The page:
The 1971 James Bond Thriller, “Diamonds are Forever,”
was never created to last forever
. While it is true that diamonds may never lose their luster, and are a girl’s best friend; researchers at the University of Bristol’s Cabot Institute are giving diamonds new meaning. The diamonds at Cabot’s labs are man-made. Well, actually they are made from nuclear waste. Stop. Wait a minute. Something can be made from the thousands of tons of nuclear waste created in the world? The U.S. alone has produced over 76,000+ metric tons of nuclear waste to date. Typically, such wastes have been contained and taken well below the earth’s surface in remote areas to hopefully rot away over the next 5,000 years. This new process of superheating the nuclear waste material until it creates crystals into diamonds, which in turn gives off a charge of electrical energy, potentially has limitless power possibilities.
Read about a battery source that lasts nearly forever »
Cabot Institute researchers are placing these nuclear diamond batteries inside a non-radioactive diamond shell to absorb any harmful emissions. That second layer of man-made diamond casing allows even more electricity to be generated, which has made these diamond batteries nearly 100% efficient! Wait a second. Think about that. How do we supply electricity for future world-wide populations? How can that electricity be sustainable and clean? Nuclear diamonds are an incredibly efficient way to utilize radioactive wastes. Applications of nuclear diamond batteries as an ideal power solution can be made to flight times of planes, satellites and spacecraft. Can you imagine never charging your personal devices again? Think about powering the artificial pancreas or pacemakers, making such medical devices more reliable and enabling users to live fuller, more productive lives. Tom Scott, Cabot Institute’s materials science professor, says there are no emissions generated and no maintenance required – just direct electricity generation. This could be the “holy grail of electricity generation”!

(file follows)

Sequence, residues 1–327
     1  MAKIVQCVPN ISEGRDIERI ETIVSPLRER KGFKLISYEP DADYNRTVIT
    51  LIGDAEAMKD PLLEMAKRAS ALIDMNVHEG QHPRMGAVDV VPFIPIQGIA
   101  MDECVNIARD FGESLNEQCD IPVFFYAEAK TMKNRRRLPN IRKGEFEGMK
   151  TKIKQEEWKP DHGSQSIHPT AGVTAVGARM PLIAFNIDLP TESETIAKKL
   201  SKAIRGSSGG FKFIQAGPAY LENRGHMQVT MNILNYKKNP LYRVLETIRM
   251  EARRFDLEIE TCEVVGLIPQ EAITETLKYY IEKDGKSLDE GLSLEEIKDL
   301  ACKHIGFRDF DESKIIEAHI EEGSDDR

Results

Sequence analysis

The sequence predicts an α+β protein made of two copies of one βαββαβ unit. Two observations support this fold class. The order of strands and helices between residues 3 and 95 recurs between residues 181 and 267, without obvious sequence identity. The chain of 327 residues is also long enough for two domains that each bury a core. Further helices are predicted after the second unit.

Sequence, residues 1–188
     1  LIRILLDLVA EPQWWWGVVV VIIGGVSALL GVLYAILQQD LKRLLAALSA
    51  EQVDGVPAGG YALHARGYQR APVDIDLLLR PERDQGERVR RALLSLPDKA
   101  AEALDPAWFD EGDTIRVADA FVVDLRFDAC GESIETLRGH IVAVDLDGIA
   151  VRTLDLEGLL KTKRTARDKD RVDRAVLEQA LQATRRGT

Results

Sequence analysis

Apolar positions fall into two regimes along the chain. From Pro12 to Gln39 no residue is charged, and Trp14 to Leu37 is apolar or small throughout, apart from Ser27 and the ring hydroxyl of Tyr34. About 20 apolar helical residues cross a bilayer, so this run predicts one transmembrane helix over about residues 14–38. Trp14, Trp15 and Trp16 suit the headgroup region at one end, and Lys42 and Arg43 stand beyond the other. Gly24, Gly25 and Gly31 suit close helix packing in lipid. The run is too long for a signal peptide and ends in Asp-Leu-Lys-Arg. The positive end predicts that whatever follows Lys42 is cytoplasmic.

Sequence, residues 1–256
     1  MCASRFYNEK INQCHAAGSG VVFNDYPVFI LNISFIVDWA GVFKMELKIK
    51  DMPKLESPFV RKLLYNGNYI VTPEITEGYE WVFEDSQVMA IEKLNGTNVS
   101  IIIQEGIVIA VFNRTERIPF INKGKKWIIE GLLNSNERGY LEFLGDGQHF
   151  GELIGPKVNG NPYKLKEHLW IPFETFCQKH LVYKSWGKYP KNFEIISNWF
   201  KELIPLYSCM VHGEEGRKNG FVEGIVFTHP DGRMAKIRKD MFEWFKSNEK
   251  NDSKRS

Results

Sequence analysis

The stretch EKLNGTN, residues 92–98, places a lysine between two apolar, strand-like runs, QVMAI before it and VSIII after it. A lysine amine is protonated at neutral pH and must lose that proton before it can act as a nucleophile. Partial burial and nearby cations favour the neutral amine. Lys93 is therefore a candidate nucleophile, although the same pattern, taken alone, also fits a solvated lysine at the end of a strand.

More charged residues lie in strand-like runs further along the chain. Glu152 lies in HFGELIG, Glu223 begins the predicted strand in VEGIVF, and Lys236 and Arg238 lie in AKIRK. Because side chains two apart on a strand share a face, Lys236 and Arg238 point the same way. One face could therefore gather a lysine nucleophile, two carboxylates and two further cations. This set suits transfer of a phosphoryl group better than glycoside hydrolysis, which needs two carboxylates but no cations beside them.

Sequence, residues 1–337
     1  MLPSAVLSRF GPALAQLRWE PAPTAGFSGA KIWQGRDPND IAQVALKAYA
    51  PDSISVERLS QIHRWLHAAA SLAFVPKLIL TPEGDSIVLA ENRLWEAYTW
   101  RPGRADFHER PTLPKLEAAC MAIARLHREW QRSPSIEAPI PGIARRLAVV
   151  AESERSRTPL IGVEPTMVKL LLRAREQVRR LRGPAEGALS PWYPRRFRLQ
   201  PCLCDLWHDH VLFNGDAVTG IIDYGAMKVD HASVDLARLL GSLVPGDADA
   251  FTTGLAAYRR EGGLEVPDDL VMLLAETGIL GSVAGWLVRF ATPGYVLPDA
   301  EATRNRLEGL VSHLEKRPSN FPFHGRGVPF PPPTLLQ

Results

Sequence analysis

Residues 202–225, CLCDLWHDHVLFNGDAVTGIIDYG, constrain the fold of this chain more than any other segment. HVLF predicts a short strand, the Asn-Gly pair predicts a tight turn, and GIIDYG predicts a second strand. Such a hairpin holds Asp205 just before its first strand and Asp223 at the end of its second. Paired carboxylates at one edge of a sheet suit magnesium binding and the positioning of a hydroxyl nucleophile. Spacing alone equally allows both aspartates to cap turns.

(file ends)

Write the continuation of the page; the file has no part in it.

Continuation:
Watch these videos on nuclear diamonds:
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NECA Technology – the Project for Applied and Disruptive Technology
, explores the world of technology and keeps members informed of what's happening today, and of what will be launched in the not too distant future. Dr. Joey Shorter has an extensive background in education and experience in translating the work of academics into understandable, practical ideas.